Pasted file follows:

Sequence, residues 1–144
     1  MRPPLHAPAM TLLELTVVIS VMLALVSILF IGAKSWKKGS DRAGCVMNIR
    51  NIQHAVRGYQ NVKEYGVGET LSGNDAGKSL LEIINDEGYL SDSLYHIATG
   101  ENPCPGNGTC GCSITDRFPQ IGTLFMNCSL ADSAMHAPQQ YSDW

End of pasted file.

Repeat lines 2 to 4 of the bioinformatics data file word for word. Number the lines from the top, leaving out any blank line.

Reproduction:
     1  MRPPLHAPAM TLLELTVVIS VMLALVSILF IGAKSWKKGS DRAGCVMNIR
    51  NIQHAVRGYQ NVKEYGVGET LSGNDAGKSL LEIINDEGYL SDSLYHIATG
   101  ENPCPGNGTC GCSITDRFPQ IGTLFMNCSL ADSAMHAPQQ YSDW